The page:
References   More on Medicinal Uses

The Bookshop: Edible Plant Books

Our Latest books on Perennial Plants For Food Forests and Permaculture Gardens in paperback or digital formats.

Food Forest Plants for Hotter Conditions: 250+ Plants For Tropical Food Forests & Permaculture Gardens.
Edible Tropical Plants

Food Forest Plants for Hotter Conditions: 250+ Plants For Tropical Food Forests & Permaculture Gardens.

Plants for Your Food Forest: 500 Plants for Temperate Food Forests & Permaculture Gardens.
Edible Temperate Plants

Plants for Your Food Forest: 500 Plants for Temperate Food Forests & Permaculture Gardens.

PFAF have eight books available in paperback and digital media.
More Books

PFAF have eight books available in paperback and digital formats. Browse the shop for more information.

Shop Now

Other Uses

Broom  Insecticide  Parasiticide

Agroforestry Uses: The plant is sometimes used as a sand binder[310 , 317 ]. Other Uses: The bushy stems are much used to make temporary brooms for sweeping floors, and there is a belief that they destroy fleas[331 ]. The fresh or dried plants are said to kill fleas, lice and intestinal worms[310 ].

Special Uses

References   More on Other Uses

Cultivation details

A common weed of lowland tropical and subtropical areas, found in areas where it rains all year round and also where there is a prolonged dry season[310 ]. Succeeds in most soils[310 ]. This is one of the half dozen commonest weeds of Central America, and may be found almost anywhere in the lowlands[331 ]. Plants can flower and fruit all year round[310 ]. The plant is a probable host for the coconut-yellows-disease, caused by a mycoplasma-like organism[310 ]. Bloom Color: White/Near White. Spacing: 6-9 in. (15-22 cm).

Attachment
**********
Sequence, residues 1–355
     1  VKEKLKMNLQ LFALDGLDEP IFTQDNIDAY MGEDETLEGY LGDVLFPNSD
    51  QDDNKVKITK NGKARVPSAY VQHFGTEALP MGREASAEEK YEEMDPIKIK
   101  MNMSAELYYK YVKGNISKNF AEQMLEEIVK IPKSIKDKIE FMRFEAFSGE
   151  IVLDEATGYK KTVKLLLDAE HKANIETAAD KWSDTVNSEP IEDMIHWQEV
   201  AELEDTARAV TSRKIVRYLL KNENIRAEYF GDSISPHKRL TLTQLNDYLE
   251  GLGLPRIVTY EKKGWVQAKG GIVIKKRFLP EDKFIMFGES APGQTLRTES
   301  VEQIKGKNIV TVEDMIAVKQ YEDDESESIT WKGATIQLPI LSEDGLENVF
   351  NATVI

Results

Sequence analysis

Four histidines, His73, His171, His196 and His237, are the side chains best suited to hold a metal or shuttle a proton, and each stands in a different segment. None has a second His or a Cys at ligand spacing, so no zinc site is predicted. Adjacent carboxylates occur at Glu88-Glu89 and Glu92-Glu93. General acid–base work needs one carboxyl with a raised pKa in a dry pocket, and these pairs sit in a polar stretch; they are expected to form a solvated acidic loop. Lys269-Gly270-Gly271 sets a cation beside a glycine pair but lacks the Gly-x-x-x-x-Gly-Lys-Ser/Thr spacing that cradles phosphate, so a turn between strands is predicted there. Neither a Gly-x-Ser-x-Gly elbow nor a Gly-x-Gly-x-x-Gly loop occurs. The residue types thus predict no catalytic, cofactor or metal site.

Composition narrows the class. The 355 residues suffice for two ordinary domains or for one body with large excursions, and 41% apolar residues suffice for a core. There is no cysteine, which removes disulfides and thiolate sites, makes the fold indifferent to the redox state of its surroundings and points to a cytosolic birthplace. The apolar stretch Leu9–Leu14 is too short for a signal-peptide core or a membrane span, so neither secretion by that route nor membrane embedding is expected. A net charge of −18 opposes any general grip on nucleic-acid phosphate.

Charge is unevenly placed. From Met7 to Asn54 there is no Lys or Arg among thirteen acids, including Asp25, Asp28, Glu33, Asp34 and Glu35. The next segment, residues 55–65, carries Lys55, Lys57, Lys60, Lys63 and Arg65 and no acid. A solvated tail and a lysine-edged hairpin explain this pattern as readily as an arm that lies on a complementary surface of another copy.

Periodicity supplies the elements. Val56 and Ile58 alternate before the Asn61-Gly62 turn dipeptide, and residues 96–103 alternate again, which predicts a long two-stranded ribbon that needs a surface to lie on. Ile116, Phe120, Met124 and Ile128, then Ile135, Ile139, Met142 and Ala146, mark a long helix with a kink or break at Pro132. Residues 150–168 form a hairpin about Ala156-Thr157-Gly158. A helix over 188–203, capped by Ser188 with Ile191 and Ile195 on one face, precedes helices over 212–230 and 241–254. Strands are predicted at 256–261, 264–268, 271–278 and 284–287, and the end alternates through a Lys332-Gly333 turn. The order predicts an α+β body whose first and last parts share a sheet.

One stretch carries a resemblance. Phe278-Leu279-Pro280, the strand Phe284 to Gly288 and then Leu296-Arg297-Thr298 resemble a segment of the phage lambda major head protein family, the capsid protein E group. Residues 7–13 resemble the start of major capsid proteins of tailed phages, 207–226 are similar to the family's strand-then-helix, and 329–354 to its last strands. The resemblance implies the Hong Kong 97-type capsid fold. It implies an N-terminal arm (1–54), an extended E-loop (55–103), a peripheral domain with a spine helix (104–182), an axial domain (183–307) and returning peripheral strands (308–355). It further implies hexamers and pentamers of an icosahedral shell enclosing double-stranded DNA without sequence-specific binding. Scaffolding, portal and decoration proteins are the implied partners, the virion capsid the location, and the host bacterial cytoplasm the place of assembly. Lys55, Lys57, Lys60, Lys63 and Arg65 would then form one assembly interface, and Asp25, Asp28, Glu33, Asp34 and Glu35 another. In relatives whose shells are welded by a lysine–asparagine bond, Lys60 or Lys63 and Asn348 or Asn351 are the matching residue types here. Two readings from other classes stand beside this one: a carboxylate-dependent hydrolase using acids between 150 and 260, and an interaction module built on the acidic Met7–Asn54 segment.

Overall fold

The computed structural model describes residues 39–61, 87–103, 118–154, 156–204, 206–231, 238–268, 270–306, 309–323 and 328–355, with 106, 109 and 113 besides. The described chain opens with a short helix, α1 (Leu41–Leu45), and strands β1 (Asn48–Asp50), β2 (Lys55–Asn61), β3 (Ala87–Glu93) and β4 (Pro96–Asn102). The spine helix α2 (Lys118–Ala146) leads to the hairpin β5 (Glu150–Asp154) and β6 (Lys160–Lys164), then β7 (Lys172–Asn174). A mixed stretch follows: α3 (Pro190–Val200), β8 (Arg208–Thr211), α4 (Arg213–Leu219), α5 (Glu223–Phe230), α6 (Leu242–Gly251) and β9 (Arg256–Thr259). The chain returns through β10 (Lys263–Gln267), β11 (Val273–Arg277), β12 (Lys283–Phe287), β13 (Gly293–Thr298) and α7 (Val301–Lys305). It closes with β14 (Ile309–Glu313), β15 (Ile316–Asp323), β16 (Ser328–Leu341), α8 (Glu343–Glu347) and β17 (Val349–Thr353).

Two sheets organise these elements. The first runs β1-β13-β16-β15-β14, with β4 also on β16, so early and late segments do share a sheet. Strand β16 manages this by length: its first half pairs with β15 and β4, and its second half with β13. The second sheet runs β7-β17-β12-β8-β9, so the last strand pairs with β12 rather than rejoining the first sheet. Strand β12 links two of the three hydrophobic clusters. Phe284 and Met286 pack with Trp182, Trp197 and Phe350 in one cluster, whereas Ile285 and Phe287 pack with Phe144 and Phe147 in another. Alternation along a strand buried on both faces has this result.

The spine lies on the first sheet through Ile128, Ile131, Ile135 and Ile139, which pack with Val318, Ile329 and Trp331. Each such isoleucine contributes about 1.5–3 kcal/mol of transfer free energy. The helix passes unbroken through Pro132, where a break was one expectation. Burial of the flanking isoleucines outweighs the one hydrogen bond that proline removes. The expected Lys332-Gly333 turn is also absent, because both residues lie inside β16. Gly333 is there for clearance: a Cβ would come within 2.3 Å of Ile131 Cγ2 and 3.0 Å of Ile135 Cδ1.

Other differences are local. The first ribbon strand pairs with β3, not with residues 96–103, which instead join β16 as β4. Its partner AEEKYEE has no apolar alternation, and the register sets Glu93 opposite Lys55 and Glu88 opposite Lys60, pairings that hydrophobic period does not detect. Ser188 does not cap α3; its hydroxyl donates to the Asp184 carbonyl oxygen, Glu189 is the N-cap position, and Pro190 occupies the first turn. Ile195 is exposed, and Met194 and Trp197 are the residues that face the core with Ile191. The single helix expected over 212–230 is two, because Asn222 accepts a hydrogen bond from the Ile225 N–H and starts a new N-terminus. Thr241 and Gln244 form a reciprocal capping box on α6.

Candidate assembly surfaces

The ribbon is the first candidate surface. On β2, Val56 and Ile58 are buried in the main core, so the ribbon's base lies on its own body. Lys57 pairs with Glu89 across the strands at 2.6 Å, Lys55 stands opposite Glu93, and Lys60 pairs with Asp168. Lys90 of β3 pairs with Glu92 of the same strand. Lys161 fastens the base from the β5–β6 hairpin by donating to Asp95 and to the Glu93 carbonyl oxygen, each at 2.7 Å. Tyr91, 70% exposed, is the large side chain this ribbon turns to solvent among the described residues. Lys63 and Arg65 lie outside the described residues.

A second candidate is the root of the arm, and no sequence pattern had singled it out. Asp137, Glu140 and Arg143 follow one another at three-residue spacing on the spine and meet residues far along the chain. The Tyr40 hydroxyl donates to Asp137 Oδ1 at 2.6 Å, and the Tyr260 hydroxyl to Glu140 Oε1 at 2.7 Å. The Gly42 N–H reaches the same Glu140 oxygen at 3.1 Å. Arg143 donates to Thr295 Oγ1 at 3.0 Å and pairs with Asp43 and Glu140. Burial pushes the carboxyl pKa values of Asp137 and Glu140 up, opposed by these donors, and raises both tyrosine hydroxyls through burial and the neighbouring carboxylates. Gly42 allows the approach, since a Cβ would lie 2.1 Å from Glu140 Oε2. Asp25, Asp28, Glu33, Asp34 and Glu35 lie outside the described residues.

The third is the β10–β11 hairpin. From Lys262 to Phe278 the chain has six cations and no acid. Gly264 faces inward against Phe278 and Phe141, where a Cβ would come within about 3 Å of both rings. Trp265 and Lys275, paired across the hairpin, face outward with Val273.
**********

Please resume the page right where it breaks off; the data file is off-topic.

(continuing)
References   Carbon Farming Information and Carbon Sequestration Information

Temperature Converter

Type a value in the Celsius field to convert the value to Fahrenheit:



The PFAF Bookshop

Plants For A Future have a number of books available in paperback and digital form. Book titles include Edible Plants, Edible Perennials, Edible Trees,Edible Shrubs, Woodland Gardening, and Temperate Food Forest Plants. Our new book is Food Forest Plants For Hotter Conditions (Tropical and Sub-Tropical).

Shop Now

Plant Propagation

Seed -

Other Names

If available other names are mentioned here

amarga, anisillo, bitter broom, bitter-broom, bonphula, broom weed, broomweed, brum sirpi, brum tahplira, chini jhar, chini mran, chinijhar, enugbe, escoba lisa, escobilla, famafantsambo, famafatsambo, flor de casamiento, gàng bén, haraspata, herbe du vent, herbe tourterelle, hiel de tierra, hierba de dolor, jamala koko, jiu yo, lerb divan, lerb toutrel, licorice weed, man, mirmire jhar, nang, nu bge, nyanko son somina, nyinanyina, oguan nkyene, onyame ko metiri, rauma fada, ri haráchan, rice weed, roma fada, salle jhar, scoparia-weed, shuoblo, shuobuolo, sirsaika, sur'prejsi, sweet broom, sweet-broom, tapeiçava, tapixaba, teatina, toothbrush, tupixava, vassourinha, vassourinha-doce, vassourinha-miúda, wild coriandum|wal koththamalli, wild rice, ñukñuk pichana.